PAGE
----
The bar on Bleecker was all exposed brick and votive candles lighting drunk faces that hovered over glasses of red wine and whiskey—alcoholic earth tones of crimson and brown. He spotted her lonely frame hunched on a barstool, a swizzle stick pressed between her lips, and could make out her jaw jutting to-and-fro, chewing the plastic furiously. He noticed her chestnut curls pulled back, and the elfish points of her ears.
He approached with caution. Something about her demeanor warned of a woman who did not appreciate approach. Her face was blank, and if it weren’t for the swizzle stick, it would seem she was still as stone. Jeremi took the seat next to her, all too aware of the distance between them and ordered a Jack on the rocks.
Systematically turning his head from one muted TV to another, watching the news to his left, reading the ticker, then the game on his right, Jeremi constantly checked the score. When he turned to the game his eyes landed first on her, noting quickly how her stern and distant gaze had not moved from her reflection in the mirror behind the bar. It placed her petite head on the shelf amidst half filled liquor bottles.
“Did you know,” he finally said, “that Southern Comfort is not a whiskey, but rather a cordial? Most people don’t know that.”
“Very nice,” she said, uninterested.
“My name is Jeremi, with an i,” he said, making a gesture to shake her hand.
“Do you have a name?”
Her head finally turned from its reflection and her eyes made first contact. He was stunned by their immediate fury. “Look,” she said, “you seem like a nice kid, but that’s just it, you’re a kid and I am an old woman, so if you don’t mind I am gonna sit here, slurp down this cheap red wine and pretend that I am someone else.” She turned back to her reflection and took a swig from her glass.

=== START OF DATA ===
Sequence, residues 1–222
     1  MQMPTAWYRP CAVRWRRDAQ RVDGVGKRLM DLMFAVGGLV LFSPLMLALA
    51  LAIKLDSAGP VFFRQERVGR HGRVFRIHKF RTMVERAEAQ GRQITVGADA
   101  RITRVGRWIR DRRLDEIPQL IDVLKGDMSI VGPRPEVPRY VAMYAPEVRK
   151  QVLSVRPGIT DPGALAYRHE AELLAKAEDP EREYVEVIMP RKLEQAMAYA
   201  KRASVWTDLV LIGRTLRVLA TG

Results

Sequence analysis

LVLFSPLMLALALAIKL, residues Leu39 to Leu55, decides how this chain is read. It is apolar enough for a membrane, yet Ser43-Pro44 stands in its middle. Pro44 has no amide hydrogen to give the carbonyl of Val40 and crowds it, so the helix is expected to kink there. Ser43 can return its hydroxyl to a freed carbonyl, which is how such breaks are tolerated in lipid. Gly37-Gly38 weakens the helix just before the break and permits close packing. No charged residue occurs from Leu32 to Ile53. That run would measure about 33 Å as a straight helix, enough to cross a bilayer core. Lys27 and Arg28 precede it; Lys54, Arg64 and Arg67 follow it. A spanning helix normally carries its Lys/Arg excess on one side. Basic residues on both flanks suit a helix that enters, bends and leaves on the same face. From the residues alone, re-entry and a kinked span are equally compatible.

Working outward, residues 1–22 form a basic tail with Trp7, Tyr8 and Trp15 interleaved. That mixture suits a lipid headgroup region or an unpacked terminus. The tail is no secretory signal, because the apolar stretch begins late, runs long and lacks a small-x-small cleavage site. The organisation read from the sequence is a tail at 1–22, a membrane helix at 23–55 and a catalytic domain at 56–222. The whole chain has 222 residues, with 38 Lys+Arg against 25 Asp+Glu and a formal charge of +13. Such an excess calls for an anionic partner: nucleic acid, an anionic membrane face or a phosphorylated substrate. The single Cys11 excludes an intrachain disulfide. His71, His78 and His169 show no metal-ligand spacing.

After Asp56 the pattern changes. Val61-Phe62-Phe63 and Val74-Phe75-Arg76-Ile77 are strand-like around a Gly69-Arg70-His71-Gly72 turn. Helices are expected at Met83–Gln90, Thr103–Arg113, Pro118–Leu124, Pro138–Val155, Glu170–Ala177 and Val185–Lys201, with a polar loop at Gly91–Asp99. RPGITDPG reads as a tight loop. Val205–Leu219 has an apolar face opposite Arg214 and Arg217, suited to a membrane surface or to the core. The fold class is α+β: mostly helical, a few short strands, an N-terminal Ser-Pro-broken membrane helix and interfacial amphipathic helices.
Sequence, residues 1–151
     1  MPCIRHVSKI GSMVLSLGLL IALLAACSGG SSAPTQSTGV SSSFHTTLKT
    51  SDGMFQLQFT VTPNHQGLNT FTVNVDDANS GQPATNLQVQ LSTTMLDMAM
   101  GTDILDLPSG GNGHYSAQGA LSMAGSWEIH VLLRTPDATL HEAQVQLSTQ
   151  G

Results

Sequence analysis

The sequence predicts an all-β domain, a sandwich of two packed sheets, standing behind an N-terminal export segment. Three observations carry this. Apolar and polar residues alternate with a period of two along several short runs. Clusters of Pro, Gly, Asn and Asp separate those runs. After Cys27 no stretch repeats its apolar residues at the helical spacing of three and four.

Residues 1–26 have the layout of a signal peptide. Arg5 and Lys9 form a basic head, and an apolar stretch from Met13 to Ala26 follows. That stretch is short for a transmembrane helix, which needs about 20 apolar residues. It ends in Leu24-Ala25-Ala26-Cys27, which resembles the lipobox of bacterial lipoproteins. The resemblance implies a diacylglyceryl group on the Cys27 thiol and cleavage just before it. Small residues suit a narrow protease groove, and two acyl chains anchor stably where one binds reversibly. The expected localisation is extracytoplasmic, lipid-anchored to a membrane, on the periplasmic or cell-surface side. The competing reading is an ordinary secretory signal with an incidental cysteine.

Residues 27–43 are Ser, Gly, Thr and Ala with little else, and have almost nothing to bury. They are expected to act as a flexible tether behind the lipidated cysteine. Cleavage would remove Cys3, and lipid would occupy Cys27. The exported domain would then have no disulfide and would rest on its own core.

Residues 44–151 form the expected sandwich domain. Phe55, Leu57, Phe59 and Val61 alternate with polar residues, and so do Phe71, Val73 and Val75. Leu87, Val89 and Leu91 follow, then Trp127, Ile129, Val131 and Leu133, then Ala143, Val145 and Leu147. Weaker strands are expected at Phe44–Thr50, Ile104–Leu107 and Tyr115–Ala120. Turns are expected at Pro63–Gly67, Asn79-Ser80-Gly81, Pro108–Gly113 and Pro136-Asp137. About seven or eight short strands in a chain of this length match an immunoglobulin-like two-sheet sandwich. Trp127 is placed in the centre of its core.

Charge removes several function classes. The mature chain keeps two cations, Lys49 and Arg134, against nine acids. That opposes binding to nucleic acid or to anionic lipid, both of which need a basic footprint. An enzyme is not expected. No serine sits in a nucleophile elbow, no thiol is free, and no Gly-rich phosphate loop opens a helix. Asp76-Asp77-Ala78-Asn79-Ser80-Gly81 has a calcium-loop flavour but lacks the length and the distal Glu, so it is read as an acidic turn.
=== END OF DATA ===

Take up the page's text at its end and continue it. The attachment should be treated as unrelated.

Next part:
Jeremi waited a minute, not quite sure what to do. “My parents were part of that group of people who liked to misspell things. They almost named me Philip with an f.”
“I am really not interested.”
“Then why are you still sitting here?”
She shifted on her stool. Her fingers ran across the edge, and her lips puckered. She flipped a curl and Jeremi noted its chestnut brown hue. “I don’t know. That’s a very good question, and I have a better answer.” She took her wine glass and shoved it through the vacant air between them. A wave of red cupped through the air and splashed against his face. “Good night…and by the way, I am much too old for you.”
She collected her things and headed for the door. Jeremi started to wipe his face with cocktail napkins. He was now more aroused for a chase. He followed her out the door and grabbed her hand as she tried to hail a cab.
“Wait,” he said, “How old are you?”
“Thirty-eight. Now, will you leave me alone?”
“Well I am 23, you’re not too old for me, you’re perfect.”His grin showed he was a little too sure of himself. “Let me buy you a drink, or coffee, or tea? Let me sit next to you on a barstool and pretend you think me dashing.”
She let out a sigh. “Fine.”
“Wonderful. And what’s your name?”
“Katherine, and I’m pretty sure it’s spelled correctly.”